List of birds of Chile

From Wikipedia, the free encyclopedia
Jump to: navigation, search
The Andean Condor is the national bird of Chile.

This is a list of the bird species recorded in Chile. The avifauna of Chile includes a total of 479 species (324 non-passerines and 155 passerines), of which 12 are endemic (with 8 species belonging to the suborder Tyranni), 6 have been introduced by humans, and 88 are rare or accidental. 33 species are globally threatened.[1] The list includes species recorded on Easter Island, Sala y Gómez, the Juan Fernández Islands and the Chilean Antarctic Territory.

This list's taxonomic treatment (designation and sequence of orders, families, and species) and nomenclature (common and scientific names) follow the conventions of Clements's 5th edition. The family accounts at the beginning of each heading reflects this taxonomy, as do the species counts found in each family account. Introduced and accidental species are included in the total counts for Chile.

The following tags have been used to highlight certain relevant categories, but not all species fall into one of these categories. Those that do not are commonly occurring, native species.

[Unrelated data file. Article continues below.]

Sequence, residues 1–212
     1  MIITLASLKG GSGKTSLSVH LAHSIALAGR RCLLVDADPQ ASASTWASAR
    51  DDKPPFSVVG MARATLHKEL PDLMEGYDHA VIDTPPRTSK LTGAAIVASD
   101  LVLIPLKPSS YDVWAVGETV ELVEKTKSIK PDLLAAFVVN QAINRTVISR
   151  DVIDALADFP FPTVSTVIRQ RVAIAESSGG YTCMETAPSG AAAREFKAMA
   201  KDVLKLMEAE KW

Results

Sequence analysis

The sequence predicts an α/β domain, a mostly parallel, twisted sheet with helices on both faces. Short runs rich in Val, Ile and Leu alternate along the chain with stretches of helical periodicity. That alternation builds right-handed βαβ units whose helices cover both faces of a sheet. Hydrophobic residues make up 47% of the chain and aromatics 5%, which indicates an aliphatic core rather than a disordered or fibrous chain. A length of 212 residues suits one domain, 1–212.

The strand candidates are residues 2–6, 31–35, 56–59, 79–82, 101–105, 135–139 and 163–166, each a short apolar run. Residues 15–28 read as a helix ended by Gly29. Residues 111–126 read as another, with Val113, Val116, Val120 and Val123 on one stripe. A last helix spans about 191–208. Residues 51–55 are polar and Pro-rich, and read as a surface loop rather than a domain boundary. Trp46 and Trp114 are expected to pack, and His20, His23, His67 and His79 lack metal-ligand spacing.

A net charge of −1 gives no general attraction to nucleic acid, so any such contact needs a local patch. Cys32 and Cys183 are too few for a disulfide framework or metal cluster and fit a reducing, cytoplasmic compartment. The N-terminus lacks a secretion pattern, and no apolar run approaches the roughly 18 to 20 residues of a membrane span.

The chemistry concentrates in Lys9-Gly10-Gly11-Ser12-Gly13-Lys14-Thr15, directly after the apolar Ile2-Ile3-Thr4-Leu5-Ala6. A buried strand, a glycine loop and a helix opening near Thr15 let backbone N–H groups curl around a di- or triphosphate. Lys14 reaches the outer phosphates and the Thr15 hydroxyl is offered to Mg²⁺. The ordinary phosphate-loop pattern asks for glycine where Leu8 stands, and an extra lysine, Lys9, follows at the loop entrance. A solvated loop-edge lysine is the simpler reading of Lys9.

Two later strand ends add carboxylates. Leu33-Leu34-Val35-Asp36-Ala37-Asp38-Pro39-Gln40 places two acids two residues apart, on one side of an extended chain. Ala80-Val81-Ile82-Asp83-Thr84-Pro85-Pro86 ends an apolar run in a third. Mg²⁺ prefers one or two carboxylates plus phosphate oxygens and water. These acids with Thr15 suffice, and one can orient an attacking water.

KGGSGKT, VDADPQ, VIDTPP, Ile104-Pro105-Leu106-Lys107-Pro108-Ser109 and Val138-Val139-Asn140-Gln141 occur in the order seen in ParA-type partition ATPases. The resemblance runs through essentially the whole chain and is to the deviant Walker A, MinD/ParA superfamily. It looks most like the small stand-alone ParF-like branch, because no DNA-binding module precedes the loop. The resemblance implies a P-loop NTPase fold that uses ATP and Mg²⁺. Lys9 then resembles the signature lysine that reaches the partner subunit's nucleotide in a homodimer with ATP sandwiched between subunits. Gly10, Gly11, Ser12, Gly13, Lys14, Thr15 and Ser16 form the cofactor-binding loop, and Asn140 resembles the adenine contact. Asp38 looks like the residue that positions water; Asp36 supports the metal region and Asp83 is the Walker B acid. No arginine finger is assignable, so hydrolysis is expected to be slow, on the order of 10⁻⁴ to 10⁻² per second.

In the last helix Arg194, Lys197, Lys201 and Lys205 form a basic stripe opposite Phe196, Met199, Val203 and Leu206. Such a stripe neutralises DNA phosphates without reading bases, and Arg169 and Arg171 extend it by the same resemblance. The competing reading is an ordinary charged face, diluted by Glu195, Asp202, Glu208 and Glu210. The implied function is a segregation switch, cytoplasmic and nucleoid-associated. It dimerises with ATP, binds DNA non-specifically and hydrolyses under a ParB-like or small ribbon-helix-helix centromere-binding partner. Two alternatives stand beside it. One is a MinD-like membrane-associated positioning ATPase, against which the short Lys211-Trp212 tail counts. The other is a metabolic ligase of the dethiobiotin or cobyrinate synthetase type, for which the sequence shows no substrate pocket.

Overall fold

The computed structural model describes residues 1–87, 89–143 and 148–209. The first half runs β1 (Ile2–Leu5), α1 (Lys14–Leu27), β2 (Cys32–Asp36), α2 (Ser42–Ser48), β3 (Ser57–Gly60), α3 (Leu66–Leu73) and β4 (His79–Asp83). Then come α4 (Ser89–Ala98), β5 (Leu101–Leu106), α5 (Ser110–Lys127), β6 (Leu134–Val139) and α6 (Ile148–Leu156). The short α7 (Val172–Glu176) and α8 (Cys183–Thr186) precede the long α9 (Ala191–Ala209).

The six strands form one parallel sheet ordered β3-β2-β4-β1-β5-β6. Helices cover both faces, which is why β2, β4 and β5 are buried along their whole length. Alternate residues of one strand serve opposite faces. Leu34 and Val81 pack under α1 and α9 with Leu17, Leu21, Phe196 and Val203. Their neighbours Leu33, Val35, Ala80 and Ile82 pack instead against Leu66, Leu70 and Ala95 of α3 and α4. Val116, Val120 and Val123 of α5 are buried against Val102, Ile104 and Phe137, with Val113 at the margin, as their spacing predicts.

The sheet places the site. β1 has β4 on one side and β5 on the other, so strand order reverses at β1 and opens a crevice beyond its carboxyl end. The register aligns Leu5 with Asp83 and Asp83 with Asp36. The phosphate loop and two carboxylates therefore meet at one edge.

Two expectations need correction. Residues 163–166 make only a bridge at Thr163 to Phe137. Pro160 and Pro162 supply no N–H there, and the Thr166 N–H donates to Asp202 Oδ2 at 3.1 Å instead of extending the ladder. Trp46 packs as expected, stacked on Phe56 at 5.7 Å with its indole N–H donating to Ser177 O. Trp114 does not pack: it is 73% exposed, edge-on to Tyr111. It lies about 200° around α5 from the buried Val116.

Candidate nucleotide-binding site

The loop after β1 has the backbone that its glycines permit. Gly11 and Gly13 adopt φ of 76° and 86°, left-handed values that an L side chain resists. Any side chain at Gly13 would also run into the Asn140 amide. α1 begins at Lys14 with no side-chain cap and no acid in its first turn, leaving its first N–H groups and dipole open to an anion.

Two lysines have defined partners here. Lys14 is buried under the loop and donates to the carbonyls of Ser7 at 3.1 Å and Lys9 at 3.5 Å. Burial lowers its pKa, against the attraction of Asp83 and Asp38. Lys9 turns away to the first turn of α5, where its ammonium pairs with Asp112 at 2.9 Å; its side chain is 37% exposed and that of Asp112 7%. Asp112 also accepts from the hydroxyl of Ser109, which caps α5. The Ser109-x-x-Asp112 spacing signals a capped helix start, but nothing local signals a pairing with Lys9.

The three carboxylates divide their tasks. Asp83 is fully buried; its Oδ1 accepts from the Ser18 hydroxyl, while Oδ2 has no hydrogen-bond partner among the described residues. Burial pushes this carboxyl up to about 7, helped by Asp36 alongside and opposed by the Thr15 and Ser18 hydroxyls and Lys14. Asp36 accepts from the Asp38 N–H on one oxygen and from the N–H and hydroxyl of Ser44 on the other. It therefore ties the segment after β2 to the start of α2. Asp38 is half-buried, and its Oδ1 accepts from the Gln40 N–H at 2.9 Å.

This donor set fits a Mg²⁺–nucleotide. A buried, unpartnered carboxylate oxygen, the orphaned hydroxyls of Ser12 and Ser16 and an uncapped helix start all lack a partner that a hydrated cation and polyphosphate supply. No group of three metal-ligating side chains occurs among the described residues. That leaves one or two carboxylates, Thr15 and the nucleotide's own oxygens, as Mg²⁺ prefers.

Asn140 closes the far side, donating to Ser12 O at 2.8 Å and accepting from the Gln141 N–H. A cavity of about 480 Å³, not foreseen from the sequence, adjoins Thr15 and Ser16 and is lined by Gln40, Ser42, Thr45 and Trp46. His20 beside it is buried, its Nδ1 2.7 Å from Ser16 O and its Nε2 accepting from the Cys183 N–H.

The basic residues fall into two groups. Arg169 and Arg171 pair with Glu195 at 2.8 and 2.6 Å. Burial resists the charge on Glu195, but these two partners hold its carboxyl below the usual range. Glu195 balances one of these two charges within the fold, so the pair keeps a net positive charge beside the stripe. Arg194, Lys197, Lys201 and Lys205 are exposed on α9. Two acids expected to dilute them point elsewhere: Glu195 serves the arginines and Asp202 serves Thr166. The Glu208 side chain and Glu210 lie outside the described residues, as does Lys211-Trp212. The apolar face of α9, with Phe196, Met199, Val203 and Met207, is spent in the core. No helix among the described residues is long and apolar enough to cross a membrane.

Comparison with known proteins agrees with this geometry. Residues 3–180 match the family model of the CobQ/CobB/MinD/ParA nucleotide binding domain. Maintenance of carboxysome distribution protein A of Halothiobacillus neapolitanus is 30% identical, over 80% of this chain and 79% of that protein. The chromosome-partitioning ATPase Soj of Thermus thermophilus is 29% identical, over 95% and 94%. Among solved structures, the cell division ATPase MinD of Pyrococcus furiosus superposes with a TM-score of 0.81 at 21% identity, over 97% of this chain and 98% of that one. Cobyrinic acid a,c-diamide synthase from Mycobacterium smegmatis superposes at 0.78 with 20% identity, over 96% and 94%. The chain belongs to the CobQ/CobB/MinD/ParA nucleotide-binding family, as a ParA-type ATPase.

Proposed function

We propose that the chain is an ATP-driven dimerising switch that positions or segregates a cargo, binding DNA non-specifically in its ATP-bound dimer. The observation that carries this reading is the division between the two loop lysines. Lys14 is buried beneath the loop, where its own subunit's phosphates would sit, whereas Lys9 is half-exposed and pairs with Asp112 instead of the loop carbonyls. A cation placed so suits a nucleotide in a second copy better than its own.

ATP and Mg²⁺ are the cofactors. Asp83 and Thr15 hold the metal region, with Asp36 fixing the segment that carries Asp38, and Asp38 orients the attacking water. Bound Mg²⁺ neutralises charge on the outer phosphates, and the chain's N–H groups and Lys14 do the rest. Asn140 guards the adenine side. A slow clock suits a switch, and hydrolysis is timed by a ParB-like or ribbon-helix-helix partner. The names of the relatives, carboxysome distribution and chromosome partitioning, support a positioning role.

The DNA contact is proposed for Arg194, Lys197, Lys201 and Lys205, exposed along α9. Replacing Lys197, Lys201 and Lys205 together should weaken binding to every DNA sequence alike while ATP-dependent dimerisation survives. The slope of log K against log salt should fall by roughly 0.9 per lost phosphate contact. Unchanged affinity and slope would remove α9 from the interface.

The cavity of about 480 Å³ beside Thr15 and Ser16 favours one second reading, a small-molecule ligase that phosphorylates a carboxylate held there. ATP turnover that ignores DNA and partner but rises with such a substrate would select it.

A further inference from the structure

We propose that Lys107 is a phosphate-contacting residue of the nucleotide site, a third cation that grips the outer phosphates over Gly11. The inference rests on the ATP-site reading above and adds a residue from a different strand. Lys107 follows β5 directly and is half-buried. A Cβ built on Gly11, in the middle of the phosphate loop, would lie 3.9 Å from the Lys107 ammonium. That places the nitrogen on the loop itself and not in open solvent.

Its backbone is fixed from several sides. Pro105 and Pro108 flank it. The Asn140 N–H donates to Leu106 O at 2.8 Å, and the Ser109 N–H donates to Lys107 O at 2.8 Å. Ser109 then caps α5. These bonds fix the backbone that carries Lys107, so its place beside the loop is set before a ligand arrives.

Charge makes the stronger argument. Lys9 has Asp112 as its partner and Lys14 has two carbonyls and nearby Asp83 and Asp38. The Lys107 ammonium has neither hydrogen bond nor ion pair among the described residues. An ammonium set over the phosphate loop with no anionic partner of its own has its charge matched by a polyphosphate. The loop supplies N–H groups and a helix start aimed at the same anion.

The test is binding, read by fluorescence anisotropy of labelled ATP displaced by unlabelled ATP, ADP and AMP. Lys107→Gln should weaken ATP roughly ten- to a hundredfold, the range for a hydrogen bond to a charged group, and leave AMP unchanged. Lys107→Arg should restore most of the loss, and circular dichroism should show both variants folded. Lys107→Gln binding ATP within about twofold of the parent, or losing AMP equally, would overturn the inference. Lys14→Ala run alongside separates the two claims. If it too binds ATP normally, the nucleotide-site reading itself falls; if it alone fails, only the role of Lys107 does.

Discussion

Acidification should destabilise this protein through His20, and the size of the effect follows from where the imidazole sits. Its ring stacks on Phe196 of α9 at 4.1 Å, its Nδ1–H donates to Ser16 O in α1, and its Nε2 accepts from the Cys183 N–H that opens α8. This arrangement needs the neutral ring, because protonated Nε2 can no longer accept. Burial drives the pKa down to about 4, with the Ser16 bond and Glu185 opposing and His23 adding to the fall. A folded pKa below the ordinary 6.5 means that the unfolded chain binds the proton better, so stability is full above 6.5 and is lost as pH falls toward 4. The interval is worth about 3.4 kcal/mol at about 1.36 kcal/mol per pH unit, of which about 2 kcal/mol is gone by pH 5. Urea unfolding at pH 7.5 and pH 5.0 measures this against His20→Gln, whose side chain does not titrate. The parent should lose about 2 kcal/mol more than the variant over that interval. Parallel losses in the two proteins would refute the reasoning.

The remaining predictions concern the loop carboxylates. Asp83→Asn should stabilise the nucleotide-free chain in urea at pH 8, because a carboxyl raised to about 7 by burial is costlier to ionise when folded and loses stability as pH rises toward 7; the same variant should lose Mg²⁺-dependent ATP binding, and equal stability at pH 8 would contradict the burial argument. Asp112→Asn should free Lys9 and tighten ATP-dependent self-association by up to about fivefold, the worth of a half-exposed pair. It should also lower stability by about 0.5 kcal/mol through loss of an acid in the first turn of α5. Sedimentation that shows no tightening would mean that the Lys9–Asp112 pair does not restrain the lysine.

• (A) Accidental A species that rarely or accidentally occurs in Chile.
  • (E) Endemic A species endemic to Chile.
  • (I) Introduced A species introduced to Chile as a consequence, direct or indirect, of human actions.
  • (Ant) Antarctic A species recorded from the Chilean Antarctic Territory but not from Chile proper.


Table of contents

Non-passerines: Rheas . Tinamous . Penguins . Grebes . Albatrosses . Shearwaters and Petrels . Storm-Petrels . Diving petrels . Tropicbirds . Pelicans . Boobies and Gannets . Cormorants . Frigatebirds . Bitterns, Herons and Egrets . Storks . Ibises and Spoonbills . Flamingos . Ducks, Geese and Swans . New World vultures . Osprey . Hawks, Kites and Eagles . Caracaras and Falcons . New World quails . Pheasants and Partridges . Rails, Crakes, Gallinules, and Coots . Jacanas . Painted snipe . Oystercatchers . Avocets and Stilts . Thick-knees . Plovers and Lapwings . Magellanic Plover . Sandpipers and allies . Seedsnipes . Sheathbills . Skuas and Jaegers . Gulls . Terns . Skimmers . Pigeons and Doves . Parrots, Macaws and allies . Cuckoos and Anis . Barn owls . Typical owls . Nightjars . Swifts . Hummingbirds . Kingfishers . Woodpeckers and allies .